UK premier's flagship Rwanda plan suffers another defeat in House of Lords

Upper House passes number of amendments that would make it harder for House of Commons to declare Rwanda a 'safe' country

11:08 - 5/03/2024 الثلاثاء
Update: 11:08 - 5/03/2024 الثلاثاء
File photo
File photo

British Prime Minister Rishi Sunak suffered another setback Monday as the House of Lords passed five amendments on his new Rwanda bill.

The amendments, if ratified, would make it harder for the House of Commons to declare Rwanda a "safe" country and would require the government to comply with domestic and international law.

If enacted into law, the amendments would severely affect the main purpose of the new bill as the demanded changes would make it easier for judges to challenge it.

In early January, most British lawmakers voted to back the controversial bill, which would allow the government to send asylum seekers to the East African country.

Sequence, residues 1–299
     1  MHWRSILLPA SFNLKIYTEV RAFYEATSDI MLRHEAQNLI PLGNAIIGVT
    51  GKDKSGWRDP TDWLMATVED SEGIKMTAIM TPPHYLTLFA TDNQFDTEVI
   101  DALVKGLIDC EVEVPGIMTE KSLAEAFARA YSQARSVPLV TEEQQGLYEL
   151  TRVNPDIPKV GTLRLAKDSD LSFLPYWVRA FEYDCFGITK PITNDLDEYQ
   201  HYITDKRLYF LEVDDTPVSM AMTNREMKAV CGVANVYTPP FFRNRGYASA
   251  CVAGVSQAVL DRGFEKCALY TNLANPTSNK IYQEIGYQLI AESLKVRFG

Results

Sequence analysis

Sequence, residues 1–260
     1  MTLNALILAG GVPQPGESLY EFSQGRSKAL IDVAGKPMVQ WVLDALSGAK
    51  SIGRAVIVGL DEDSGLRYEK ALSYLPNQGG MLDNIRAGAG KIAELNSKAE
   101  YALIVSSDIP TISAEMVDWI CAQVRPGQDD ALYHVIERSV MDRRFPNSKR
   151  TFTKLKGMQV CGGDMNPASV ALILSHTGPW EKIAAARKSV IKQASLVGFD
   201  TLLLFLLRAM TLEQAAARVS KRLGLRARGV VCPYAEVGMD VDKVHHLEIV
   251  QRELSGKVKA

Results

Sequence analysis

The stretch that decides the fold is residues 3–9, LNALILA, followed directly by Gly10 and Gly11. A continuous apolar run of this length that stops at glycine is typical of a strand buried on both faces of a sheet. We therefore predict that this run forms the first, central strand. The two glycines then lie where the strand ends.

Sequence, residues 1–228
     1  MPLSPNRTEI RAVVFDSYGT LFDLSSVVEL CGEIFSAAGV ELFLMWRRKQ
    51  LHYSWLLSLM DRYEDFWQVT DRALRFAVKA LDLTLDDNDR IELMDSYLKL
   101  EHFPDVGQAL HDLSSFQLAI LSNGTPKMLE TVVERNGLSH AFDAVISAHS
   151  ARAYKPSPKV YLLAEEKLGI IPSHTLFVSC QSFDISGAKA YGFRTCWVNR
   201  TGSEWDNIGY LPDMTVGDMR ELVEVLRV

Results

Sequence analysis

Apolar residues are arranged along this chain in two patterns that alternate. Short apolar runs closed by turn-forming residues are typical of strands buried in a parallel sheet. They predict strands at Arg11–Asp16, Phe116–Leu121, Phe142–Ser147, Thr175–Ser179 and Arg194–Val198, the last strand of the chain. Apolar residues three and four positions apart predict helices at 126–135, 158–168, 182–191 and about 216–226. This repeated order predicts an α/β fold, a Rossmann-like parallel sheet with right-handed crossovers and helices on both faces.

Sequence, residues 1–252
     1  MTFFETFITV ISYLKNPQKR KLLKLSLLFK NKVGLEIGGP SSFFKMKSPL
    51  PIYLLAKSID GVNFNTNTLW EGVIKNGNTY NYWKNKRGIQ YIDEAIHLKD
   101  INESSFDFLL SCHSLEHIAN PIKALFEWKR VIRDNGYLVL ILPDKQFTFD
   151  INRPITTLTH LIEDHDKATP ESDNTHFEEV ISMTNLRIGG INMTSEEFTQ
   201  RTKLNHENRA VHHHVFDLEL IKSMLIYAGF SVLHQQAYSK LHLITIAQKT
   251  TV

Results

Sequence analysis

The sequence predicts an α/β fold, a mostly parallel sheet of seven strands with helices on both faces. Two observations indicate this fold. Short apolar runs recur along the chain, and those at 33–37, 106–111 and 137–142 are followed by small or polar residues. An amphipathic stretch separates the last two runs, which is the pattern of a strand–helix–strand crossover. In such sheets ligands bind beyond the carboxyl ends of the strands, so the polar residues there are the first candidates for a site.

In a major setback, however, the House of Lords voted to delay Sunak's flagship UK-Rwanda immigration treaty in what was reportedly the first time it has voted against the ratification of a treaty for over a decade.

The cross-party committee said safeguards in the treaty are "incomplete" and must be implemented before it can be endorsed.

The bill aims to address the concerns of the UK Supreme Court, which ruled that the government's original plan to send asylum seekers to Rwanda was unlawful.

The bill compels judges to regard Rwanda as a safe country and gives ministers the power to disregard parts of the Human Rights Act.

The Rwanda plan had been one of the most controversial plans of the government's migration policy as it sparked international criticism and mass protests across the UK.

In January last year, Sunak said that tackling small boat crossings by irregular migrants across the English Channel was among five priorities of his government as more than 45,000 migrants arrived in the UK that way in 2022.

#asylum seekers
#House of Lords
#Rishi Sunak
#Rwanda Bill
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